Let us imagine someone is introducing themselves, most of us did when we joined.
“I am now currently working in a job here in New York City where I have been for two years”
Clear? Well it raises the question of whether they have been in the job, or in the city, for two years? I’ll come back to this.
Concise? Certainly not, firstly “I am” is first person present, that means now and/or currently, “I am working in a job ...” means exactly the same thing as “I am now currently working in a job...” , with the possible exception of someone whose job it is to introduce themselves, and they wouldn't need "now".
“Working in a job” is a little more problematical, it is possible to work when not in a job and possible to be in a job and not work, however, for practical purposes one or the other should suffice.
“Here in New York City” Well if you are working in New York city It is a fair bet you are there when doing so, forget “Here”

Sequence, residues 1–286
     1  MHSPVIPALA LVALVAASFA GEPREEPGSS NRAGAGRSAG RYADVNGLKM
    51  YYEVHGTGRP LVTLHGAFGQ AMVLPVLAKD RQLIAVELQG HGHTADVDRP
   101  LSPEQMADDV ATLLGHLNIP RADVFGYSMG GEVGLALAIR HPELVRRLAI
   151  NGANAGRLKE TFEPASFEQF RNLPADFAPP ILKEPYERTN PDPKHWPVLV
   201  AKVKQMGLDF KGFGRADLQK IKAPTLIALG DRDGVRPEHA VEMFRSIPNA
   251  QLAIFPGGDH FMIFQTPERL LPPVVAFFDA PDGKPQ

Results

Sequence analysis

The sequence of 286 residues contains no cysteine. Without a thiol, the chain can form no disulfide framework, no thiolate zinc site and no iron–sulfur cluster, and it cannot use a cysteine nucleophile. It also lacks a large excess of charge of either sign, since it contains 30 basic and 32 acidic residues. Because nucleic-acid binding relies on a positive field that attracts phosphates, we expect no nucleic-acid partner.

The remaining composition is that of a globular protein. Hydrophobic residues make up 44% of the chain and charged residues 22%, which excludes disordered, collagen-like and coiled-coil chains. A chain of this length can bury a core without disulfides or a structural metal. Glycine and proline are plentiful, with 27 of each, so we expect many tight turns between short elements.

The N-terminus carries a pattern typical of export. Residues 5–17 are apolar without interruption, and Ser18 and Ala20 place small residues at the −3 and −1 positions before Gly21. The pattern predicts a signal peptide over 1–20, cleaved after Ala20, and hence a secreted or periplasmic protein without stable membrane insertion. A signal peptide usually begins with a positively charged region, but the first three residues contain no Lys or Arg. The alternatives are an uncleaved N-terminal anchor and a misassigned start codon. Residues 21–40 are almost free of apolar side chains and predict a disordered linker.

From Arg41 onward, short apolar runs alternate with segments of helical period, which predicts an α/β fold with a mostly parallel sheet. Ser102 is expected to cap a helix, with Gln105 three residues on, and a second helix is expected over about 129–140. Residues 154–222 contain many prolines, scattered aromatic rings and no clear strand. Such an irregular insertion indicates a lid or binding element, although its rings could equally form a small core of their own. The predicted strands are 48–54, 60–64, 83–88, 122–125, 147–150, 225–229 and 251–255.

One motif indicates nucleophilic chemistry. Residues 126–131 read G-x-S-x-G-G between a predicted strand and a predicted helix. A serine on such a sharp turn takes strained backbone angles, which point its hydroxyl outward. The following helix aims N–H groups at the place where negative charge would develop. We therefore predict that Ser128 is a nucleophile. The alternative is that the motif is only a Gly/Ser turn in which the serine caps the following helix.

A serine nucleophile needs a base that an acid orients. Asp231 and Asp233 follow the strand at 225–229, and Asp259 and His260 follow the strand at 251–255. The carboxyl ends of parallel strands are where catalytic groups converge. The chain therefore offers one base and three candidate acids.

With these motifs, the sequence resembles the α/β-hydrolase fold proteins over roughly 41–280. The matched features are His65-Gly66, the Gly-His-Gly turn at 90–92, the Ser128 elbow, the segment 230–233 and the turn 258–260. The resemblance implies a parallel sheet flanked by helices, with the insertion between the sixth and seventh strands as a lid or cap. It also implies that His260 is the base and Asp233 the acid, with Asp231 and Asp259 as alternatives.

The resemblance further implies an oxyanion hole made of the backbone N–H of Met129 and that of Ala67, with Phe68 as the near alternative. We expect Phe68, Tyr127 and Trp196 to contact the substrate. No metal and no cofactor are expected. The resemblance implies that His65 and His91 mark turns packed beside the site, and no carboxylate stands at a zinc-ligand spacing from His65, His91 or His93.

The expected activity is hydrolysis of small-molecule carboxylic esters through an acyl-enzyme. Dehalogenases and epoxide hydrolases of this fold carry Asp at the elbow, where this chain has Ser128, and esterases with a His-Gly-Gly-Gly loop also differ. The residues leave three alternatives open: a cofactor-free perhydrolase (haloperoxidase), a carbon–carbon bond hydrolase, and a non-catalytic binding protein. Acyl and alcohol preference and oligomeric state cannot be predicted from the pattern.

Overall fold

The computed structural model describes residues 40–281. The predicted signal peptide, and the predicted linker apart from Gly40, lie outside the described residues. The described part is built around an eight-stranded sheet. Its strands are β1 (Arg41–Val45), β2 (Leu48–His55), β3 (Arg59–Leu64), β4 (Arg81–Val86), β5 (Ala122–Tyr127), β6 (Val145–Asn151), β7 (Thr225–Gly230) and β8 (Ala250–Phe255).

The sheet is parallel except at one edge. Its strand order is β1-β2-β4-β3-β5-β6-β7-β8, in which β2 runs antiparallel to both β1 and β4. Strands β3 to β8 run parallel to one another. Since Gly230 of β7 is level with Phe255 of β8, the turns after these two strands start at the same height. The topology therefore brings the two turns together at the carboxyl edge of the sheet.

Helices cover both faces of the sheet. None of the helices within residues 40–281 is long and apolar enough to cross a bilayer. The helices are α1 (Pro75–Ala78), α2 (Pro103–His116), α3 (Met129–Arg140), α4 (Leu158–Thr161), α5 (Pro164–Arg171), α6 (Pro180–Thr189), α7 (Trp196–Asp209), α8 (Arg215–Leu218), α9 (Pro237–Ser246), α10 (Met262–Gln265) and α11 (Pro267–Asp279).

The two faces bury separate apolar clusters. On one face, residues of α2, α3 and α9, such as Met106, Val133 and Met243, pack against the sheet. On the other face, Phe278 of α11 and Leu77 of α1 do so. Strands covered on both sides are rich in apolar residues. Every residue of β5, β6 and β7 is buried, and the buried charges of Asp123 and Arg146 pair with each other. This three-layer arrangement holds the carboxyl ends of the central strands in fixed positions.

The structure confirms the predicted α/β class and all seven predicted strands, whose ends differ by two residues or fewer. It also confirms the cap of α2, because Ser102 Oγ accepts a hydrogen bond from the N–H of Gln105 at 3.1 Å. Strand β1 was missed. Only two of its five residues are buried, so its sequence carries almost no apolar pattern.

To return to the question of what the two years refers to; put parts together that go together and avoid ambiguity. There are three parts, being in New York, working and the time period of two years so:-
I am in New York City, and for two years have been working
I have been in New York City two years, and work here.
The two parts that go together are together, and the “, and” separates the other part from them. There are 20 words in the original, 13 in one 14 in the other at the end of editing, and a more precise meaning.
If you apply these concepts to tasks such as introductions they become part of your way of operating, and save you much editing.
Thanks to garza whose comment inspired this.